Greater Anglia takes more than 50 fare-dodge cases to Ipswich court

An Intercity train at Ipswich Station heading to London. Stock Image.

An Intercity train at Ipswich Station heading to London. Stock Image. - Credit: Archant

More than 50 fare-dodgers have been nearly £12,000 and ordered to pay costs totalling £5,000 by magistrates sitting in Ipswich over the last two months.

Their fines were part of a total of nearly £66,000 imposed on people riding Greater Anglia trains with no intention of buying a ticket.

The train company prosecuted a total of 370 people in the last six weeks for fare evasion across the Greater Anglia Network.

The people were taken to court after Greater Anglia Revenue Protection Inspectors discovered them on trains with no ticket and in some cases no money or cards on them to pay for a ticket.

In total, the fare dodgers were fined £65,848 and ordered to pay £31,189 costs.


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A total of 24 cases were heard at the Magistrates’ Court in Ipswich on Tuesday 12 September. Magistrates imposed fines of £7,082 and costs of £2,300.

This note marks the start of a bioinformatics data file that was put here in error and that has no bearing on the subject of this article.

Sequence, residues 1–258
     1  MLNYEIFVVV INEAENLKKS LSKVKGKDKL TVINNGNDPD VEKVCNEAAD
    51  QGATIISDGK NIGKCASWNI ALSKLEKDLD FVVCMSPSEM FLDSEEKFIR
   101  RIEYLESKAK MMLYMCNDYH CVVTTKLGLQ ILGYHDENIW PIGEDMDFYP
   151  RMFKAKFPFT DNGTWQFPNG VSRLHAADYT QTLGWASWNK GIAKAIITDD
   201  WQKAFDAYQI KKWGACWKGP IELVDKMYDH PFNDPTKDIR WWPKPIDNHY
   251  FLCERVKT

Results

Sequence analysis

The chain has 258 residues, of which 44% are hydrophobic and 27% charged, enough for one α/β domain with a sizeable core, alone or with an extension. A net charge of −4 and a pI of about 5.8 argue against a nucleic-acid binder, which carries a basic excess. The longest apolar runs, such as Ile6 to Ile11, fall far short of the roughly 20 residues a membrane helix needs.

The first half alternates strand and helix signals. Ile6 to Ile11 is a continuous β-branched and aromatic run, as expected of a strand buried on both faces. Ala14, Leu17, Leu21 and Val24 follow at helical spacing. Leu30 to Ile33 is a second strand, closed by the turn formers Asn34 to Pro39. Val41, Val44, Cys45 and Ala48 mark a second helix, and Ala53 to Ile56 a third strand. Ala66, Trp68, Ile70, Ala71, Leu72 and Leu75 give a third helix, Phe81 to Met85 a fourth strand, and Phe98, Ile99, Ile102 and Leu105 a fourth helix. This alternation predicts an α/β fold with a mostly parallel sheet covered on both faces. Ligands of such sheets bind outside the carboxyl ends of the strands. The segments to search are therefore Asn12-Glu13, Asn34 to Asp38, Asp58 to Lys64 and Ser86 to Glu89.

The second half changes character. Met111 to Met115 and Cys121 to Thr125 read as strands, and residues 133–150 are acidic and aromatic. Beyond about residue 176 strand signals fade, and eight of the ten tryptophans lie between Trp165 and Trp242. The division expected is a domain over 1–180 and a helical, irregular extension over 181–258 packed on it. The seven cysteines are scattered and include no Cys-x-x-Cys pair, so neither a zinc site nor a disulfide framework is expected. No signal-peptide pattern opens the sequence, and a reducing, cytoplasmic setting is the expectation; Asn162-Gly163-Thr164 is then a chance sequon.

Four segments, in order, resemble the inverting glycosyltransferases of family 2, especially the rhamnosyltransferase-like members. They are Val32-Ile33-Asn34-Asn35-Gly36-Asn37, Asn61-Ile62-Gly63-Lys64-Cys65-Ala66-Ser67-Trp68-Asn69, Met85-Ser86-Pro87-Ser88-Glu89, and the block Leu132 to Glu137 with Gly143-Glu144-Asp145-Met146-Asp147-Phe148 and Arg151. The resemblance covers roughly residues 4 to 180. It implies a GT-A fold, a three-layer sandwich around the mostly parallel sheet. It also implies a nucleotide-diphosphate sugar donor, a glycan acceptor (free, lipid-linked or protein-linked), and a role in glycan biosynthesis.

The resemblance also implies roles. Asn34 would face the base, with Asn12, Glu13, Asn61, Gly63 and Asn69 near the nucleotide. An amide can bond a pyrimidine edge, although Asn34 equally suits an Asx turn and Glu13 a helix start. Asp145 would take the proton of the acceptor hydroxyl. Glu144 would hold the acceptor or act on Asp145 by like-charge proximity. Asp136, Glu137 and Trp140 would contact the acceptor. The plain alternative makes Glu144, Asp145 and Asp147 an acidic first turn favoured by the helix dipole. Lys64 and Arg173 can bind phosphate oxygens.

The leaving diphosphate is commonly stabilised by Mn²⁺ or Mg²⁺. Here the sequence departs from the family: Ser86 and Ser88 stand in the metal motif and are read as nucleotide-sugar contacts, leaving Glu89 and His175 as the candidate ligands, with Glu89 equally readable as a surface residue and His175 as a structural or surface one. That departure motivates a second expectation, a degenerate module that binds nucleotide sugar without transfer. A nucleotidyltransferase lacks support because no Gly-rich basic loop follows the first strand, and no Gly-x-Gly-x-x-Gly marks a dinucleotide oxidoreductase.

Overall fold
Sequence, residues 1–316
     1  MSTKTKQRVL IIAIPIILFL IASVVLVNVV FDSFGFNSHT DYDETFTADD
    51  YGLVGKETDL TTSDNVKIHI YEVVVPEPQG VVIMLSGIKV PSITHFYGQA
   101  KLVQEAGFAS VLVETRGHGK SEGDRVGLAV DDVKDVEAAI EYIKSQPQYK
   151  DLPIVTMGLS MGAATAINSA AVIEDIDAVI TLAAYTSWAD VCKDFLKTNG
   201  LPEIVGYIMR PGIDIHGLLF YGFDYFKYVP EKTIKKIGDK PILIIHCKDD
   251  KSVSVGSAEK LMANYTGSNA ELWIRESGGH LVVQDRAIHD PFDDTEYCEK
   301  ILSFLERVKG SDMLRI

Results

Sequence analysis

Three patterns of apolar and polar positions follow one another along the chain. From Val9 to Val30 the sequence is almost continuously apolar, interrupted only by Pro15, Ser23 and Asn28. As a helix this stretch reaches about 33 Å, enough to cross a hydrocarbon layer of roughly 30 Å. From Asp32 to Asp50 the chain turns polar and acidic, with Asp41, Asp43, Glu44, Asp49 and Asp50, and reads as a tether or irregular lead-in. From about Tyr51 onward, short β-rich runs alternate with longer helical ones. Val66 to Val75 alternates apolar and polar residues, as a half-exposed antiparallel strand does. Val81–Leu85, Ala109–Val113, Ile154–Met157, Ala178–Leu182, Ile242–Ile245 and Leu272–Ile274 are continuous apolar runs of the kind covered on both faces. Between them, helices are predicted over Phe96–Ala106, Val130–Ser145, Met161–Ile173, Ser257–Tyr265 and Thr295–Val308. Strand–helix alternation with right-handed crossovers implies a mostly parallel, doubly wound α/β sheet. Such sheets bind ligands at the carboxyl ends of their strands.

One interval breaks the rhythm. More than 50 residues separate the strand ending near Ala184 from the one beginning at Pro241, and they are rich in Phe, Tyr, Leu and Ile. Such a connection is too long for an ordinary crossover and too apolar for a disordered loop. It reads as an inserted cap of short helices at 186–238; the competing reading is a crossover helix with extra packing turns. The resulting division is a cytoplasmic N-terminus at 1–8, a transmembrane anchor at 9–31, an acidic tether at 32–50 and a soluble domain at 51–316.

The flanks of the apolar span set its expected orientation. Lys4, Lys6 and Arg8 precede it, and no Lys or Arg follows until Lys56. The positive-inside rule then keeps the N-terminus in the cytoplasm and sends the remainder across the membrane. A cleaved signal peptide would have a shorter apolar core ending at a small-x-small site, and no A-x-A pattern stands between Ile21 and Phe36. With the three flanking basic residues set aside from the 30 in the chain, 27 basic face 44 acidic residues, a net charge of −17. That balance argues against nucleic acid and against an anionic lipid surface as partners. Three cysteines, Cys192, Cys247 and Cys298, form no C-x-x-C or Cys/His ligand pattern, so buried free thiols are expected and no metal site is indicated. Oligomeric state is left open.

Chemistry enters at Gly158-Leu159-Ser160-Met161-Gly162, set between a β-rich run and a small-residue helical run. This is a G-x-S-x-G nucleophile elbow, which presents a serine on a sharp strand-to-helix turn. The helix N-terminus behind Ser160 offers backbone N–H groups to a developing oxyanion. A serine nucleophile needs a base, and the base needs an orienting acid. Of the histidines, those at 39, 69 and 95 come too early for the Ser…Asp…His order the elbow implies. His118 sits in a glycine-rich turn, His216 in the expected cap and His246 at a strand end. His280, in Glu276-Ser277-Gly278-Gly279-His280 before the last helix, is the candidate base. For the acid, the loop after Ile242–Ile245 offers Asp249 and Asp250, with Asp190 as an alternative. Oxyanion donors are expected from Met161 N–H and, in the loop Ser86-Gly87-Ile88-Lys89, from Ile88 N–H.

Another 27 cases went before magistrates at Ipswich on Tuesday 10 October. Fare dodgers were fined £4,866 and ordered to pay costs of £2,700.

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The largest number of offenders were found on the Southend Victoria line. On Wednesday 6 September, there were 50 cases at Southend Magistrates’ Court. Defendants were fined £7.821.50 and ordered to pay £4,050 in costs.

A total of 17 people caught deliberately avoiding paying for tickets on Greater Anglia trains in London were prosecuted at London City Magistrates’ Court on Thursday 21 September. They were ordered to pay fines of £5,080 and to pay £1,700 in costs.

Andrew Goodrum, Greater Anglia Customer Services Director, said: “In the long run it’s cheaper for everyone to pay for a ticket to ride one of our trains. A train ticket is far cheaper than a fine for not having one.

“Out of every £1 that is spent on a rail ticket, 97p goes back into the railway. By not paying for a ticket, we have less money to invest in making the railway better for everyone and it could lead to bigger increases in rail fares for everyone.

“Our Revenue Protection Inspectors act with discretion when they find people travelling without tickets or with the wrong ticket, but if people catch a train with no intention of paying for a ticket, then we will take action.”

Greater Anglia cases are dealt with by magistrates at special sittings of the court when time is set aside for it to hear the cases of fare-dodging that have been discovered over the recent weeks.

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